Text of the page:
Thursday, January 21, 2016

Celebrating George Harrison's 73rd Birthday

Musicians of all flavors and eras, including Brian Wilson, Perry Farrell, The Flaming Lips, "Weird" Al Yankovic, and Norah Jones, gathered at the Fonda Theater in Los Angeles one - otherwise unceremonious - evening in September 2014 to perform the music of George Harrison. Music and video from that evening, dubbed "George Fest: A Night to Celebrate the Music of George Harrison," will be released February 26, 2016, the day after what would have been his 73rd birthday.

Harrison, the so-called quiet Beatle, was anything but, when it came to artistic expression. Even in the shadow of the towering Lennon-McCartney songwriting monoduolith, Harrison gave us some of The Beatles' most gorgeous songs, including "While My Guitar Gently Weeps," with a little help from Eric Clapton and released in 1968's "White Album." And the very next year, Harrison gave us "Something" off "Abbey Road."

But arguably, the full spectrum of Harrison's glimmering songwriting and guitar chops didn't come into focus until The Beatles' break up in April 1970. As if to say, I'm done being the quite one, he dropped the critically acclaimed, commercially successful, and very ambitious triple album "All Things Must Pass" on November 27, 1970 - just eight months after the break up. It included songs The Beatles had previously passed on, including the title track. It also included his masterpiece, "My Sweet Lord." If this doesn't give you chills, check your pulse.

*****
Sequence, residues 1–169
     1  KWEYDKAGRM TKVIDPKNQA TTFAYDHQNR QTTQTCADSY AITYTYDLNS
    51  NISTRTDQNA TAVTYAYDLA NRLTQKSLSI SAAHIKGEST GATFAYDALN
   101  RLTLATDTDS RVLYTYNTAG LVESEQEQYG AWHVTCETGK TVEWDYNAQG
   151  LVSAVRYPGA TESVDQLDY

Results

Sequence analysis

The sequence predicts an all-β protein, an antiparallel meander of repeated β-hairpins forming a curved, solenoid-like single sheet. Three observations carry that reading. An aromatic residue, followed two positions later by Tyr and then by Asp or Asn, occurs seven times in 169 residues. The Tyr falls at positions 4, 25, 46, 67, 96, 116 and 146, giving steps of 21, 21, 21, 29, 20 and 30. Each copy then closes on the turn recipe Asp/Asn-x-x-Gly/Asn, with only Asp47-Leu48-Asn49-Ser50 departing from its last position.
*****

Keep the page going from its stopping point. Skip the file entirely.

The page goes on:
His solo music career continued to thrive for many years, but not before Harrison the Activist reached another career pinnacle in 1971, when he spearheaded the Concert for Bangladesh to raise international awareness and funds for refugees from Bangladesh, then East Pakistan. It became the model for future massive, social-awareness, benefit concerts, including Live Aid and Farm Aid.

In 1988, Harrison formed one of the most remarkable A-list supergroups ever. Along with Jeff Lynne, the group consisted of music giants Roy Orbison, Bob Dylan, and Tom Petty.

Given his place in the pantheon of music, revisiting his catalogue through the interpretation of some of his greatest fans, who also happen to be great musicians, seems appropriate. Harrison wrote The Beatles' "Here Comes the Sun," also off "Abbey Road." In the Fab Four's incomparable repertoire, which includes some of the greatest rock 'n' roll pop songs ever recorded, "Here Comes the Sun" might just be among their finest and most revered songs. This is one of the many covers that will be available in the upcoming "George Fest" release. This rendition features Farrell on vocals, the Flaming Lips' Wayne Coyne on guitar, Norah Jones on back vocals, with several other musicians, including George's boy Dhani, playing and singing along.

Sunday, January 10, 2016

Brian Wilson flattered (and elated)

By Brian Wilson's admission, he essentially worshipped Phil Spector and his famed wall of sound - complex, layered arrangements of music that left no dead air within songs. Wilson particularly loved The Ronettes' "Be My Baby." Though a little far-fetched, some music insiders even speculated Wilson's masterpiece "Pet Sounds" had the same initials as Spector as a nod to him.

But by most accounts, Spector was never very gracious to Brian's adulation. And when Brian wrote the gorgeous doo-wop, Motown-sounding ballad "Don't Worry Baby" with the intention of the Ronettes recording it, Spector was dismissive - he passed on it. The Beach Boys ended up recording a fine version.

I was surprised to learn that in 1999 Ronnie Spector, ex-wife of Phil Spector, and lead vocalist of the Ronettes finally recorded Brian's "Don't Worry Baby." Brian's reaction - when KROQ DJ Rodney Bingenheimer tells him this on the air - is pure gold.